|Course Type||Course Code||No. Of Credits|
Semester and Year Offered: 6th Semester/ 3rd year of the BA Honors with a Major in Psychology
Course Coordinator and Team: Anshumita Pandey
Email of course coordinator: anshumita[at]aud[dot]ac[dot]in
Pre-requisites: Students should have successfully completed the course on Understanding Personality (SUS1PS701).
Aim: Premised on the limits of a universal psychology, the course on Psychology for India aims to circumscribe what passes off as the discipline of psychology into a culturally located form: it’s primarily Western origin and environ. Foregrounding the need for situated knowledge, the course questions the relevance of a psychology emanating primarily from West/Europe to Non-western and Non-European cultures, experiences and psyches and attempts to look for resources for a culturally sensitive psychology. What are the conceptual and pragmatic tools needed for such an engagement? Does Psychology need to be liberated from complacent and complicit foundational biases if it is to work towards its emancipatory potential? In re-apprehending the story of global psychology as a ‘glocal’ psychology, the course hopes to create an opportunity for an active and affirmative understanding of other(ed) locations - of other(ed) cultures - as sites of active knowledge production. How have practitioners of Psychology and allied fields in India understood questions of selfhood, identity and healing? Does this situated lens carry a potential to re-define critical ideas within psychological corpus? Through this bivalent critical engagement, with the received discipline of psychology and its Indian counterpart, the course aims to create a space for the practice of a critical cultural psychology, a Psychology (relevant) for India.
Course Outcomes: By the end of the course, the student will be able to:
Brief description of modules/ Main modules:
Unit 1: Do we need a Cultural Psychology?
Is the discipline of psychology a ‘global’ or a ‘glocal’ affair? What are its inclusions? What remains on the outside? What insights does it offer us about experiences of an ‘Indian’ psyche? Routed through writings in the field of Critical and Liberation psychology, tracing the impact of post-modern scholarship and the paradigmatic shifts it entails, the introductory unit hopes to start a dialogue about the need for a culturally sensitive psychology.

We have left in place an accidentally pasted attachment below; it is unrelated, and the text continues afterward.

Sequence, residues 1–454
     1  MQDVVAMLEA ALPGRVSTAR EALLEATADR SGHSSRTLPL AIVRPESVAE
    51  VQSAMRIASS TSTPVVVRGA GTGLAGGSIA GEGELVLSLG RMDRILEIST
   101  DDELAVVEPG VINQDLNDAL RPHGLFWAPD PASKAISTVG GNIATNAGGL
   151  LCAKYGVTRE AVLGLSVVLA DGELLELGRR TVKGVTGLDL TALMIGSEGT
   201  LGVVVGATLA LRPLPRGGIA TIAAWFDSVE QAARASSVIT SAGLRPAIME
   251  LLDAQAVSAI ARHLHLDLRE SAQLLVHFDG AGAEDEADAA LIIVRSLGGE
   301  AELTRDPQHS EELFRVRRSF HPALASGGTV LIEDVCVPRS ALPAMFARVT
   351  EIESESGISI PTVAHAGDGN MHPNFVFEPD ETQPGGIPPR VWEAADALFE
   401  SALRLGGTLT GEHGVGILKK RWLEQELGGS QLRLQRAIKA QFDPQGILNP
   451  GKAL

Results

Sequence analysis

Unit 2: ‘Indian’ Psychology or Psychology for India?
What are the constitutive assumptions on which a cultural perspective bases itself? Can there be an essential model of an Indian psyche? Is there ‘an Indian way of thinking’? How does Psychology as a discipline render itself relevant in Indian soil scents? The unit opens up the need for a self – reflexive praxis of Psychology in India.
Unit 3: Notions of Self and Identity
Self and its intimacies form the leitmotif of this unit as we begin to explore psychic structures in India. What are the theories of personhood, consciousness, motivations and aesthetics that shape psyches? What forms of representation have these found in the discipline of psychology? We proceed through a close reading of writings by psychologists, psychoanalysts and social theorists on notions of self and identity.
Unit 4: Mental Health in Indian traditions
The unit traces the departures from western notions of mental health and chronicles indigenous approaches to classification and treatment. Sites of cultural healing, a key emphasis, open up alternative discourses of cure, notions of self and modalities of ‘being-in-the-world’ as one sets up a dialogue and between healing practices in culture(s) and psychology.
Unit 5: Gendered Stories
The question of feminine identity is the primary emphasis of this unit. Routing itself through a critical reading of the lived realities of Woman in India, the unit attempts to explore notions of identity, of masculinity and femininity, questions of motherhood and daughterhood as they inform self-experience.
Unit 6: Caste in India
The unit attempts to bring together ‘the subject’ and ‘the abject’ as it discusses Caste in India, it’s rootedness in psyches and psychosocial reality and the ‘ontological trauma’ of being born an ‘other’. Stories of oppression, resilience and critique, these life narratives become lenses to look at ‘situatedness’ anew as they de-center entrenched locations of the normative.
Assessment Details with weights: